(b) Lack of Clarity on the Procedural Requirements
The existence of the Aboriginal Consultation Direction has taken many by surprise and, as noted above, with good reason. The Direction has not been published in the Alberta Gazette and does not yet appear on the AER’s website. It is published on the website of the Department of Energy but under the heading “Travel Reports” (here). This form of publication certainly raises concerns on the transparency of the process. But could the efficacy of the Direction be challenged on the ground that it was not formally published?
If we assume (contra the tentative conclusion of the last subsection) that the Minister is allowed to issue an order of a legislative nature under s 67 REDA, the Minister has to comply with the procedure prescribed under section 3 of the Regulations Act, RSA 2000, c R-14 (see the combined effect of s 1(1)(f) Regulations Act and 1(1)(c) Interpretation Act). An order of a legislative nature that is not filed with the Registrar has no effect, and an unpublished order is not effective against a person unless that person has had actual notice of the order (Regulations Act s 3(5)). By contrast, a ministerial order issued that is of an administrative nature presumably does not need to be filed or published in the Alberta Gazette.
The relevant case law again draws attention to the differences between an instrument of a legislative nature and an instrument of an administrative nature. The Ontario Court of Appeal in Rose v R (1960 CarswellOnt 89,  OR 147, 22 DLR (2d) 633) addressed the issue of whether an order in council was of a legislative nature and thus subject to the Ontario Regulations Act (RSO 1950, c. 337). The Court emphasized that “[i]n coming to a conclusion as to the nature of the act performed, not only must one look at the substance rather than the form but indeed in the inquiry upon which one must embark, all the surrounding circumstances must be looked at and by that I include the nature of the body enacting the order in question, the subject matter of the order, the rights and responsibilities, if any, altered or changed by that order” (para 31).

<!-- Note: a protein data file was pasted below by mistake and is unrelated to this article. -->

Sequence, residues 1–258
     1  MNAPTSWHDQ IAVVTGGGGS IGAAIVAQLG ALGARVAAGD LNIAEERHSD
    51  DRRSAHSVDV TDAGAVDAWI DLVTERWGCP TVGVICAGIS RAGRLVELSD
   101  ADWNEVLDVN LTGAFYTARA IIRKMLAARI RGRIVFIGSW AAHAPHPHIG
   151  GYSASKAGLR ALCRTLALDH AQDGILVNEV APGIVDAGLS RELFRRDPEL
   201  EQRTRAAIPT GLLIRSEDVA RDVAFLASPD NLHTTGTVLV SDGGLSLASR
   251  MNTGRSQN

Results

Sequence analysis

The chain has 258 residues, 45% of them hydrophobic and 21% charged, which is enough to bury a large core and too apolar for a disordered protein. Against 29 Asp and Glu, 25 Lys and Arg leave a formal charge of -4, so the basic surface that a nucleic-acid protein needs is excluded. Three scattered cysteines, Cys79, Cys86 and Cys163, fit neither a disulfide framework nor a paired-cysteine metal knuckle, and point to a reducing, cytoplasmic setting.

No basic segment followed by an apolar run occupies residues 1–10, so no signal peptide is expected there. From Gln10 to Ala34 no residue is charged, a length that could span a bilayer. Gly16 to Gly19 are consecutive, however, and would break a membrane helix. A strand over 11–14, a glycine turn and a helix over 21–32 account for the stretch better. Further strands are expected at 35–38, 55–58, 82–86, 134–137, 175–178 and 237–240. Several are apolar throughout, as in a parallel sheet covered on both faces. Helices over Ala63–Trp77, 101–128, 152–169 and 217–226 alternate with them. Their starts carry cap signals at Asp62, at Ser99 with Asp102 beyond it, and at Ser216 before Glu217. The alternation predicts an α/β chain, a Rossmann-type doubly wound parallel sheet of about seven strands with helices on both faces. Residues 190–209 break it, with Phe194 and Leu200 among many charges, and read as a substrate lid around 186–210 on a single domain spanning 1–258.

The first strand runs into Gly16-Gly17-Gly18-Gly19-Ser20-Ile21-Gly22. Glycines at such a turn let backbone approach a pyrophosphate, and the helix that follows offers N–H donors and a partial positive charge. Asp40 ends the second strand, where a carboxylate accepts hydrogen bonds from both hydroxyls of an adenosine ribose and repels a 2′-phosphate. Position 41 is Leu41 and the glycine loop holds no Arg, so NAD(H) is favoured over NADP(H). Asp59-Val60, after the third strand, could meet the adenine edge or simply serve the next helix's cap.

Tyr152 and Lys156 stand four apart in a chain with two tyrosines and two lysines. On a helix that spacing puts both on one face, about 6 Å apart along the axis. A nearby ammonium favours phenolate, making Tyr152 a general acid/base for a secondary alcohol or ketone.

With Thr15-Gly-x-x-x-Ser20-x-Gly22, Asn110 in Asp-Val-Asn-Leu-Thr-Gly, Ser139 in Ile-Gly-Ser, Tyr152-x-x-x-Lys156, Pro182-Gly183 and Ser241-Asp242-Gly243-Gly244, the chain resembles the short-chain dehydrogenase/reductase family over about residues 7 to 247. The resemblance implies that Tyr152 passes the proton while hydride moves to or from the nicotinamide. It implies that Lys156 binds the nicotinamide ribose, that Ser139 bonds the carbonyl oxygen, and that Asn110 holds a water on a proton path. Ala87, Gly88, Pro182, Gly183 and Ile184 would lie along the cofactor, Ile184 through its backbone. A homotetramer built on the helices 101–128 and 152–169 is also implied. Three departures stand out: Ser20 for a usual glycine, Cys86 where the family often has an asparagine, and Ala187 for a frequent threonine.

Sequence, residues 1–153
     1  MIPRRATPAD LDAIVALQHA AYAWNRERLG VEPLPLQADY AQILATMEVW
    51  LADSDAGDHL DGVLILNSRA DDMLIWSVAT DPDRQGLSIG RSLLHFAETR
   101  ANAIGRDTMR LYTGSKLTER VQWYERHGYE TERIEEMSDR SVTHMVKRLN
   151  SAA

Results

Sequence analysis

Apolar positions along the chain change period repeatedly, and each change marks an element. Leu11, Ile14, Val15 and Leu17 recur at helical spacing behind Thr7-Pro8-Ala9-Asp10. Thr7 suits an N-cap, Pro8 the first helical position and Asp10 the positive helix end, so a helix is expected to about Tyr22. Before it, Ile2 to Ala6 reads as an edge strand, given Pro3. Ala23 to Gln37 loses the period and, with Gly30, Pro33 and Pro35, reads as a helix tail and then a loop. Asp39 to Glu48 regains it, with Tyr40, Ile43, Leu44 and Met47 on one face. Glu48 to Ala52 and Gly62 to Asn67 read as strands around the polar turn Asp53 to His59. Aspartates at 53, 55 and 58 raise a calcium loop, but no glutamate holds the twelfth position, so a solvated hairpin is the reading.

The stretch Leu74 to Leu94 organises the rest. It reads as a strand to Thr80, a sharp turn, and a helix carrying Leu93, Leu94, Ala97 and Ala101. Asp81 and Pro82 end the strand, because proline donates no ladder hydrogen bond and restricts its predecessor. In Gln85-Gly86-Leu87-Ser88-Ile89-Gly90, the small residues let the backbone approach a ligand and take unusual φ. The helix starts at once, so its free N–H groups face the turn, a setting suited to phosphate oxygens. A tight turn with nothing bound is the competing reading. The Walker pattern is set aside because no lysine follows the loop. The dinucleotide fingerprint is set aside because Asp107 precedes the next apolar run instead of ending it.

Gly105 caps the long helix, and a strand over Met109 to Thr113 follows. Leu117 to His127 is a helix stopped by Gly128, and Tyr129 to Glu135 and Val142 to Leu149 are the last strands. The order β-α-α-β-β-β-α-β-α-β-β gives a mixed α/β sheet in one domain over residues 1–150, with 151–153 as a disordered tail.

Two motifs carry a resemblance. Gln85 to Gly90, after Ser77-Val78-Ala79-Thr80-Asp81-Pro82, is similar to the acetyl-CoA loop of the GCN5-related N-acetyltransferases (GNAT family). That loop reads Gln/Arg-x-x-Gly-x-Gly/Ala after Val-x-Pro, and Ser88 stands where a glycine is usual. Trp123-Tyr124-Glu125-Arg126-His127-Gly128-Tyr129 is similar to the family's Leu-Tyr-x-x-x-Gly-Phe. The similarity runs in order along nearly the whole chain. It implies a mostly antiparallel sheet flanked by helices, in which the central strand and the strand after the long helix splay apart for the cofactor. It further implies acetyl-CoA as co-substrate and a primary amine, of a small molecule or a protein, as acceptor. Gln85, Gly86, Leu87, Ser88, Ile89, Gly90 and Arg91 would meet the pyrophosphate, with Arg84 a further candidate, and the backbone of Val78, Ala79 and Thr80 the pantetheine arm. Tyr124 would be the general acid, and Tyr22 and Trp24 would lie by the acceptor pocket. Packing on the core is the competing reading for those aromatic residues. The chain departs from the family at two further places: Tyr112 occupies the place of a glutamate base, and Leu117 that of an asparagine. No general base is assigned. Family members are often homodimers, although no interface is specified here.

The subject matter of the Aboriginal Consultation Direction and the fact that it seems to be directed at specific individuals, i.e. the AER, rather than more generally suggests that the minister was merely issuing directions to an agency for which the minister is responsible. For instance, some of the requirements attempt to organize and coordinate some of the AER’s work with the ACO (see direction numbers 1-4). Others of the requirements seem mainly concerned with procedural aspects and ensuring that the ACO is kept informed of the AER’s decisions (see direction numbers 4, 7 and 8). However, when considering other requirements generally applicable to the public and concerned with setting standards of conduct, it may be difficult to conclude that the Direction is purely of an administrative nature. For instance, the Direction requires a proponent to contact the ACO before submitting an energy application (direction number 2) and to include in the application certain documents and information (direction number 4). Since these requirements seek to alter the rights and responsibilities of the public, it is arguable that the Direction is of a legislative nature.